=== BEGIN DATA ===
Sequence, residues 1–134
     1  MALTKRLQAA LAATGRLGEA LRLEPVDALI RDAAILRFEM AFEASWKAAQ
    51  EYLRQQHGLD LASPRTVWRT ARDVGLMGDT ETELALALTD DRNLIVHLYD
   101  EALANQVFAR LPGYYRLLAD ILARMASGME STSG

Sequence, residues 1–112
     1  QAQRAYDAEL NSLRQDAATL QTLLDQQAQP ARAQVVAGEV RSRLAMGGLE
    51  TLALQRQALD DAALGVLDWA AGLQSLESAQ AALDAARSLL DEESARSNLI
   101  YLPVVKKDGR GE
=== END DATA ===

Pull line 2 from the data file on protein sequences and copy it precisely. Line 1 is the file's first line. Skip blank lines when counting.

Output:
     1  MALTKRLQAA LAATGRLGEA LRLEPVDALI RDAAILRFEM AFEASWKAAQ